Tuesday, June 28, 2016


Hand-hewn and weather worn
Taillées à la main et usées par les intempéries
We were thoroughly charmed by this rudimentary roadside fence in the French Brittany village of Ploubazlanec.

une clôture:  a fence
les intempéries:  bad weather
tailler:  to cut, to prune, to sharpen

©2016 P.B. Lecron

Monday, June 27, 2016


Passer entre les gouttes
It was between downpours on a chilly June evening in Paris that we were able to duck into Le Mouffetard, a venerable bistro in the Latin Quarter, for a big bowl of onion soup. 
The expression, "passer entre les gouttes," means to pass between raindrops. In its figurative sense it means to just barely avoid a bad or uncomfortable situation.

une goutte:  a drop
la goutte:  gout  (as in the metabolic disease which causes painful swelling of joints, and especially toes, due to deposits of urates)
une saucée:  a downpour
une averse:  a shower

©2015 P.B. Lecron

Sunday, June 26, 2016


French comfort food on a rainy day in Normandie
Not just any fold will do
The French's penchant for specificity operates right down to folding crêpes, of which there are at least 12 distinct methods, each one as attractive as the other. The above sarrasin or buckwheat crêpe with mushrooms, served in a rickety hotel restaurant in the village of Giverny, is an example of le pli en chausson. The word chausson generally means house slipper, and is often translated as "turnover" when speaking, for example, of pastries. Here, the form truly brings to mind an old, roomy slipper. To learn more about the different techniques, which include the very simple pli en journal to the stylish crêpes aux aumônières, click here.

plier:  to fold
un pli:  a fold, a pleat
le pliage: folding

©2016 P.B. Lecron

Saturday, June 25, 2016


Ton sur ton
 For the record, I don't know about orange being, or having ever been, the new black, but we were enthralled by the degrees of intensity of color of these orangish roses and poppies at Monet's gardens in Giverny.

ton sur ton:  tone-on-tone
coloration:  tint, coloring
pour mémoire, pour information:  for the record

©2016 P.B. Lecron

Friday, June 24, 2016


Poppy season lasts about two weeks in late spring and early summer. Extraordinary and showy flowers, but short lived; de courte durée.  These were in Monet's Giverny garden.

un pavot:  a poppy, an opium poppy

©2016 P.B. Lecron

Thursday, June 23, 2016


Another rainy day in Monet's gardens at Giverny where sometimes the umbrellas rival the blossoms and foliage.

ouvrir le parapluie: literally "open the umbrella," this is a locution used familiarly when someone seeks to shelter himself from problems caused by others; the term is sometimes used pejoratively to describe the cowardly act of blame shifting

©2016 P.B. Lecron

Tuesday, June 21, 2016


Nom d'un chien

More trompe l'oeil around Versailles...this mural is on rue Mazière in the Quartier Saint-Louis. 
The most fitting translation for "doggone it" seems to be "nom de chien".

©2016 P.B. Lecron

Friday, June 17, 2016


Plage des Rosaires at Plérin-sur-Mer.  In the foreground are massive blocks of granite that have been placed to strengthen the digue-promenade.

un enrochement:  rockfill, riprap

©2016 P.B. Lecron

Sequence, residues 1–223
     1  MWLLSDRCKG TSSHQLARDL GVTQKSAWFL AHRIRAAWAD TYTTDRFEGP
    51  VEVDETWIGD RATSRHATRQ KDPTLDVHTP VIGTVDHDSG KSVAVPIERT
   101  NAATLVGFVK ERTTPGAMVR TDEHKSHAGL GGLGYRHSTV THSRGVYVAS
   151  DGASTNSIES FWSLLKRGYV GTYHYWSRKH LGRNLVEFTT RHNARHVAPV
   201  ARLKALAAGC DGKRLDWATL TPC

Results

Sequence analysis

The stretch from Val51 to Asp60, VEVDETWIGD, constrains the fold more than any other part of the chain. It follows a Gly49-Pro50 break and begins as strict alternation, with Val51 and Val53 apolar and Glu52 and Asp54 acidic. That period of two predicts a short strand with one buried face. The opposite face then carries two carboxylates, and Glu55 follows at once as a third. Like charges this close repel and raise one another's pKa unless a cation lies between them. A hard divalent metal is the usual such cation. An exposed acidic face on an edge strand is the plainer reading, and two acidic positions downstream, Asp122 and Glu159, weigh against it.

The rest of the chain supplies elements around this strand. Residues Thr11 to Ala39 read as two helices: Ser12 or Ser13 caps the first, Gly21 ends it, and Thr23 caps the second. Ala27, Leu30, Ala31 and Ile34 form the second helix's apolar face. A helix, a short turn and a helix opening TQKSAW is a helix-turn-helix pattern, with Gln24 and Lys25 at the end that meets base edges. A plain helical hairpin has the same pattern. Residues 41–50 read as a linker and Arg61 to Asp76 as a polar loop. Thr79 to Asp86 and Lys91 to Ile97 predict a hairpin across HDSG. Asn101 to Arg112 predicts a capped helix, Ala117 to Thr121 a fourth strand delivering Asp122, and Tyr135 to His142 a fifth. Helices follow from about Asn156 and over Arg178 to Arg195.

Thursday, June 16, 2016


Allez les Bleus
We noticed some Euro 2016 pre-game excitement and flag-waving early yesterday evening on the streets of Versailles. The happy French folks and their dog in the car in front of us were evidently on their way to watch the France-Albania match on television. France, host of the European championship games, won 2-0. Twenty-four teams are participating in elimination matches; the final will be held on July 10. 

©2016 P.B. Lecron

Tuesday, June 14, 2016


De l'eau sous le pont
When a past matter is no longer troubling or cannot be changed, French and English language speakers often use the same metaphor, de l'eau sous le pont. To illustrate this figure of speech, we're using the above photo of the remains of an old water mill in the Normandy town of Vernon. The mill, built on a medieval bridge on the Seine, was used to grind wheat. It no longer has its hanging stone. Although it was periodically rebuilt through the centuries, it originally dates to the late 1600's.

©2016 P.B. Lecron

Monday, June 6, 2016


Grisaille is a word that can be used in a number of situations...from speaking about dullish gray weather to a style of bas-relief painting in shades of gray to obtain a three-dimensional effect. It's frequently used to describe Normandy skies, like that on the day of our visit to a charming small-town museum, le Musée Alphonse-Georges-Poulain. The museum, which is in Vernon, is largely dedicated to impressionist works of an American colony of artists who, following the footsteps of Monet, installed themselves in the nearby village of Giverny. The museum also has the distinction of being one of the few in France specializing in animal art. The pair of bronze equestrian sculptures, Chevaux Domptés, above, are the work of the New York native, Frederick McMonnies (1863-1937). MacMonnies worked in both Paris and Giverny.

dompter:  to tame; to horse break

©2016 P.B. Lecron

Wednesday, June 1, 2016


We stopped along the roadside outside of Paimpol in French Brittany's Côte d'Armor to take a snapshot of a field of artichokes, but lo and behold this ultra-modern water tower captured our imaginations instead. The industrial land art is the work of renowned French architect Thierry Van de Wyngaert. To see the tower's magnificent nighttime illumination and for more information about Van de Wyngaert's work, click here.

French artichoke production is primarily in Brittany and the south of France, each region producing different varieties.

un château d'eau:  a water tower
un ouvrage d'art:  a work of engineering
le génie civil:  civil engineering
un génie:  a genius 

©2016 P.B. Lecron